16. Animal most resembling man; ape. The Clarendon dictionary. By William Hand Browne, Samuel Stehman Haldeman. Published 1894.
  17. To ape; play pranks; meddle. The Concise Standard Dictionary of the English Language. By James Champlin Fernald. Published 1919.
  18. A four handed mammal; an ape. The Concise Standard Dictionary of the English Language. By James Champlin Fernald. Published 1919.
  19. A quadrumanous animal, embracing the ape and baboon; a name of contempt, used often as an affectionate appellation; a pile-driver. Nuttall's Standard dictionary of the English language. By Nuttall, P.Austin. Published 1914.
  20. A well-known animal having a long tail-baboons have short ones, apes have none; a term of contempt or reproach for a mischievous person; an apparatus for disengaging and for securing in turns the ram of a pile-driving machine. Etymological and pronouncing dictionary of the English language. By Stormonth, James, Phelp, P. H. Published 1874.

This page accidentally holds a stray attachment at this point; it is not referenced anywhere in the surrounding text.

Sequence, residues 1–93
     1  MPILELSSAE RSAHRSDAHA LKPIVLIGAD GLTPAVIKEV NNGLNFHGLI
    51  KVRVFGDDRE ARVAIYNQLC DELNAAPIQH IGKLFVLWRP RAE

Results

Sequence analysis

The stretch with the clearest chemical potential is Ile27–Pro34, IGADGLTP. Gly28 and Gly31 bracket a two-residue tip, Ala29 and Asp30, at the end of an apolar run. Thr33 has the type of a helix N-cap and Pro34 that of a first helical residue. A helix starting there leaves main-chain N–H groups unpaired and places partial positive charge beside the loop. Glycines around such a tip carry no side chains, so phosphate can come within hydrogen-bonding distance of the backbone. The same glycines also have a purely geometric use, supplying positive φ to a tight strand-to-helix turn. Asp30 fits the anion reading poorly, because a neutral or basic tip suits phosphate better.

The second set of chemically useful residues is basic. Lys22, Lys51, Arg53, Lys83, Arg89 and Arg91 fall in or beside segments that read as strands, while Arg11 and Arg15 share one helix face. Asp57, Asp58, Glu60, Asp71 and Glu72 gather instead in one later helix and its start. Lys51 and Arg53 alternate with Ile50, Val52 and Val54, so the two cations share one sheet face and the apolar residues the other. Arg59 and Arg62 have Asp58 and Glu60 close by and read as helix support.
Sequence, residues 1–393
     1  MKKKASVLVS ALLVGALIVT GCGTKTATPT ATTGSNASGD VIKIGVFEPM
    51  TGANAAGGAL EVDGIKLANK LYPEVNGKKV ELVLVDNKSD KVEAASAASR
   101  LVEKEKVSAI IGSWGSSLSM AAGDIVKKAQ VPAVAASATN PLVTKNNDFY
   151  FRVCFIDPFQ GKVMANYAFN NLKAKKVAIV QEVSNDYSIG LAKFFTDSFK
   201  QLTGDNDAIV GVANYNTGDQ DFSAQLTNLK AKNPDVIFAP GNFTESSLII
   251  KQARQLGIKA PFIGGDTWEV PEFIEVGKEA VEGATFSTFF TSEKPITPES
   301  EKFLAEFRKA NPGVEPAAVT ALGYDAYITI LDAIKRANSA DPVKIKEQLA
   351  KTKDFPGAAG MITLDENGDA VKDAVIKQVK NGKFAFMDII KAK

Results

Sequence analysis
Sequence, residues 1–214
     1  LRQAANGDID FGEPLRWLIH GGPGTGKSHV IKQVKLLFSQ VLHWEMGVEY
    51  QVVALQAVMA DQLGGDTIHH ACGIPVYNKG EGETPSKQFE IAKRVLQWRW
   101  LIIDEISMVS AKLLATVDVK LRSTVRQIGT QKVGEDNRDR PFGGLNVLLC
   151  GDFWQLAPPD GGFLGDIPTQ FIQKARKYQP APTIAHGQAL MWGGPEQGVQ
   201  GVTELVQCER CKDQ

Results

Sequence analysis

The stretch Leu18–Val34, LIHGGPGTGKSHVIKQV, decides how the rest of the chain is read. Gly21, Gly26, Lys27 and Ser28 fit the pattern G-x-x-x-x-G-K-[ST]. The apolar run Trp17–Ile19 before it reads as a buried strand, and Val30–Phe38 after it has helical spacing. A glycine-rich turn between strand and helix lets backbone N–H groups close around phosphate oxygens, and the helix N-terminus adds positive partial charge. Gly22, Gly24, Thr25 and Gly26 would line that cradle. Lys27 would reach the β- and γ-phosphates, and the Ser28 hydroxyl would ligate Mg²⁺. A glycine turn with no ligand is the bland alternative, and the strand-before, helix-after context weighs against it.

21. mungk'i, n. a quadrumanous mammal of the order Primates--the term is loose, and may be conveniently restricted only to all the Primates exclusive of the Anthropoid Apes, thus including the Platyrrhini, or New-World monkeys, and the Catarrhiini, or Old-World monkeys: an ape: a name of contempt, esp. for a mischievous person, also of playful endearment: a heavy weight for driving piles: a large hammer for driving bolts: in betting slang, a sum of 500 pounds, or dollars in U.S.: a fluid consisting of chlor-hydric acid and zinc--generally called spirits of salt--used in the process of soldering:--pl. MONK'EYS.--v.i. to meddle with anything.--v.t. to imitate as a monkey does.--ns. MONK'EY-BAG, a small money-bag, hung round the sailor's neck; MONK'EY-BLOCK, a small swivel-block used in guiding running rigging; MONK'EY-BOARD, the omnibus conductor's foot-board; MONK'EY-BOAT, a narrow, half-decked river-boat; MONK'EY-BREAD, the baobab-tree or its fruit; MONK'EY-EN'GINE, a kind of pile-driver having a ram or monkey working in a wooden frame; MONK'EY-FLOW'ER, a flower of the mimulus kind; MONK'EY-GAFF, a small gaff above the spanker-gaff for the flag; MONK'EY-GRASS, a coarse fibre yielded by the leaf-stalks of Attalea funifera, used for brooms, street sweeping-machine brushes, &c.; MONK'EY-HAMM'ER, a drop-press with a ram, which is raised and let drop freely; MONK'EYISM, the qualities of the monkey; MONK'EY-JACK'ET, a close-fitting jacket, generally made of some stout, coarse material; MONK'EY-POT, the seed-vessel of several species of Lecythis, having a round lid; MONK'EY-PUMP, a straw let through a gimlet-hole into a cask for the purpose of sucking the liquor; MONK'EY-PUZZ'LE, the Chili pine, Araucaria imbricata; MONK'EY-RAIL, a light rail above the quarter-rail; MONK'EY-SHINE (U.S.), a piece of tomfoolery; MONK'EY-TAIL, a short lever for training carronades: a piece of knotted rope by which to attach a hook, to save the hand from jamming; MONK'EY-WHEEL, a tackle-block over which runs a hoisting-rope; MONK'EY-WRENCH, a screw-key having a movable jaw.--HAVE, or GET, ONE'S MONKEY UP, to be angry; SUCK THE MONKEY, to drink liquor from a cask through an inserted tube: to drink from a coco-nut, filled surreptitiously with rum, &c. [Old It. monicchio, dim. of Old It. monna, nickname for an old woman, an ape, contr. of It. madonna, mistress.] gutenberg.org/ebooks/37683